The Zionist Conspiracy
Sunday, November 13, 2005
Charedi Rabbis, Emunah Peshuta and Science
In a post last week, I wrote that when I was high school:
When an unfortunate history teacher made the mistake of mentioning that the universe was a lot more than 5750 years old, not only was he summoned to the principal's office, the principal wondered why more students in class didn't strongly object to such heresy.
The principal actually learned of the history teacher's remarks when "concerned" students informed him of them. His first public reaction was to ask who objected, and why most of the class sat silently instead of voicing their disapproval.
Then, the next day, while the teacher was teaching my class, a student came in to tell him that, "Rabbi _____ would like to speak with you."
The teacher looked ashen, as though he was resigned to being fired. He did not return to class that day.
The next day, we were surprised when the teacher came to teach our class. He cheerfully told us, "I had a very good conversation yesterday with Rabbi _____. He's a very smart person with a very good understanding of the world." He then started his class, and the matter never again came up.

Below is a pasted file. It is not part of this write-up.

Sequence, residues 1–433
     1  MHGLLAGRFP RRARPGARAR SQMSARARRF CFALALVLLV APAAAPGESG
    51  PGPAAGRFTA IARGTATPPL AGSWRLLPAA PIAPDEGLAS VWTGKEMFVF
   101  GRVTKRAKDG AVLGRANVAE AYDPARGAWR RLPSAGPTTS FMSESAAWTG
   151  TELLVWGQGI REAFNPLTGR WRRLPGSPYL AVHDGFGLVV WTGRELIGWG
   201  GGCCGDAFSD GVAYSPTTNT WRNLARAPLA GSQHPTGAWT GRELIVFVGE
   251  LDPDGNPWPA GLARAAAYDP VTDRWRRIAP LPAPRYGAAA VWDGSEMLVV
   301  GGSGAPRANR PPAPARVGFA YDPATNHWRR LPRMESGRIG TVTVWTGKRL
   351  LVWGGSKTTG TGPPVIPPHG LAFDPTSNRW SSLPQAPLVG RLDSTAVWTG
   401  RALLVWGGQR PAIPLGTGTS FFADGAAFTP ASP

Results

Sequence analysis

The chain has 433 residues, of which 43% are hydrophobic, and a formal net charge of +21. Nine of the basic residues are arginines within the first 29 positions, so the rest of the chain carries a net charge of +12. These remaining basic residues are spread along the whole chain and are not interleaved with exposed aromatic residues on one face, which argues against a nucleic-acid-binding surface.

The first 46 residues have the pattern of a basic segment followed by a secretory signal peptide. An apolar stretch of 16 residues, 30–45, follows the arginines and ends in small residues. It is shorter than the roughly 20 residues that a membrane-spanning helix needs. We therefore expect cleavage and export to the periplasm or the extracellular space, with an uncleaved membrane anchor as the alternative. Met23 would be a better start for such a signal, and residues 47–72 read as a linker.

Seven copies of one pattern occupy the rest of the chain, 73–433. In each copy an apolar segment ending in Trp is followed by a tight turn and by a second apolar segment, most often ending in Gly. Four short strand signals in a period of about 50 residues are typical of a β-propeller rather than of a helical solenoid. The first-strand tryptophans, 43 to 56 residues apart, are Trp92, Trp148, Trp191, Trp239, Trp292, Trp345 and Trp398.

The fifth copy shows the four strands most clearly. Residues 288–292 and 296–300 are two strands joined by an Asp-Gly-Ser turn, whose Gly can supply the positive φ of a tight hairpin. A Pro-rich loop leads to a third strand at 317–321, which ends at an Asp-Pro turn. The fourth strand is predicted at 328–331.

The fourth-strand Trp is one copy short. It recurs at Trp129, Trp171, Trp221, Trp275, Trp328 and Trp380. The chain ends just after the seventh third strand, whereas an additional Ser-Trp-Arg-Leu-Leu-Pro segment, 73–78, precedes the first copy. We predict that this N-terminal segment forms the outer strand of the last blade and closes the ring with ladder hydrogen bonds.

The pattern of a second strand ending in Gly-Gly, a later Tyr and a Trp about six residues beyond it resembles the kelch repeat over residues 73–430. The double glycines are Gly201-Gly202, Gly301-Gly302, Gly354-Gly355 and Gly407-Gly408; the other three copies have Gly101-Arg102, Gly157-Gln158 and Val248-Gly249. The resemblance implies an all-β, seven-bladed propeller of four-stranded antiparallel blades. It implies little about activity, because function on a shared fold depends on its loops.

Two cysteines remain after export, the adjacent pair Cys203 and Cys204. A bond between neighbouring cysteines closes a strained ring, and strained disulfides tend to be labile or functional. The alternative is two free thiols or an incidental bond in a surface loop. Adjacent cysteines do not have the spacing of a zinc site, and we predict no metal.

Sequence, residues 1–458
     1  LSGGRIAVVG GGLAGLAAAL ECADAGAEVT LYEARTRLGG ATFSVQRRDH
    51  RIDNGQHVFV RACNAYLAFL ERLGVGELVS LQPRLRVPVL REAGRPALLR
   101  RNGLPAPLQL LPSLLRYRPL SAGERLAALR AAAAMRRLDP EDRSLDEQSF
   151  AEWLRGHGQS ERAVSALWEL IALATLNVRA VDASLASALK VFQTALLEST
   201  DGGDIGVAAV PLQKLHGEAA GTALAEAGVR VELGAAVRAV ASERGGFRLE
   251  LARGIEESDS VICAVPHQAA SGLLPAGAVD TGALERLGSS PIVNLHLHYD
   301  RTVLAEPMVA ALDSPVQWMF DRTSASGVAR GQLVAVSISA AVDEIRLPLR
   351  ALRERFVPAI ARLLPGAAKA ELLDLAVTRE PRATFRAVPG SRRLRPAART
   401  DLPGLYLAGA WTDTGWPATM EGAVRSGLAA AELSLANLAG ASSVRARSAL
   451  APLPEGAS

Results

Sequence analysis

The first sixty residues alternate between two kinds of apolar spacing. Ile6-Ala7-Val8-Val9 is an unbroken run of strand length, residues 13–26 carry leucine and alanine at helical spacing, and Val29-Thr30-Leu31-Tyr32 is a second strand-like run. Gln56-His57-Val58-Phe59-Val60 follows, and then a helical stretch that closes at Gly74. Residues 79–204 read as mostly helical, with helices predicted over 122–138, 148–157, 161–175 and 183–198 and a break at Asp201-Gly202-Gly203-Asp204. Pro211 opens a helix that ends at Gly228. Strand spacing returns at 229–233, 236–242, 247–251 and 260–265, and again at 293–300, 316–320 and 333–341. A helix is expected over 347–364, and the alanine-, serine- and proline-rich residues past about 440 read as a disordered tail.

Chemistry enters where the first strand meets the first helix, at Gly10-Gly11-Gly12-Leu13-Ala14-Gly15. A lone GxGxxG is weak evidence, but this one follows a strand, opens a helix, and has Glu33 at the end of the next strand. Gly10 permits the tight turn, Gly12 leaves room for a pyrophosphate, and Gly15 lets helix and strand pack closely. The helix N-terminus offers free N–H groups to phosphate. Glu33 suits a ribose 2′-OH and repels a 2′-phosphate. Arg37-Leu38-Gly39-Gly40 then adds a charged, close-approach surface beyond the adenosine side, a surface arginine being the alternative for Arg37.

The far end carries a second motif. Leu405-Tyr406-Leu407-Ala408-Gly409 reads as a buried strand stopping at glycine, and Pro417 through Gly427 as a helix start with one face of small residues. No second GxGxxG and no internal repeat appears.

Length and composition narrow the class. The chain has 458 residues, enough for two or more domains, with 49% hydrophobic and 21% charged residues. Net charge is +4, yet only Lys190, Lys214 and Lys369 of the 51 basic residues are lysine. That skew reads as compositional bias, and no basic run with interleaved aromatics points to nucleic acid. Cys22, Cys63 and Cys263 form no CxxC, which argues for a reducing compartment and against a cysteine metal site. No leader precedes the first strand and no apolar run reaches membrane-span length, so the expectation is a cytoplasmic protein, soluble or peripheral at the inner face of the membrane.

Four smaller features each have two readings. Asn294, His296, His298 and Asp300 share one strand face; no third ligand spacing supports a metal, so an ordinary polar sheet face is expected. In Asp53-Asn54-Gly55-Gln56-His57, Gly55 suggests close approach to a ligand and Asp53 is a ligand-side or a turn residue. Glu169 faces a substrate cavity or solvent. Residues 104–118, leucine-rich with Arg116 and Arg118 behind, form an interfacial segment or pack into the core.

I've always wondered what the principal told the history teacher. While it's speculative on my part, my sense has always been that the principal essentially told the teacher that he understood that the world was (or appeared to be) more than 5750 years old, but that Jewish tradition holds the world to be 5750 years old, and that while there were explanations reconciling the Jewish traditional belief with science, those explanations were too complicated to be offered to high school students and would lead to too many other questions, so the school felt its students were better off with their simplistic understanding.
It's hard for me to believe that even zealous right-wing charedim are unaware of rabbinical sources that deal with questions relating to science, including the age of the universe. More likely, they discourage contemporary analysis of this question because of concerns that those who delve into these kinds of issues will start questioning other challenging theological and existential issues too. Even if the end result is that those with questions generally find satisfactory answers and remain observant, many will not remain right-wing charedi.
That is generally deemed enough to strongly discourage anything that might lead to providing information beyond the simplistic emunah peshuta (simple faith) answers to complex issues.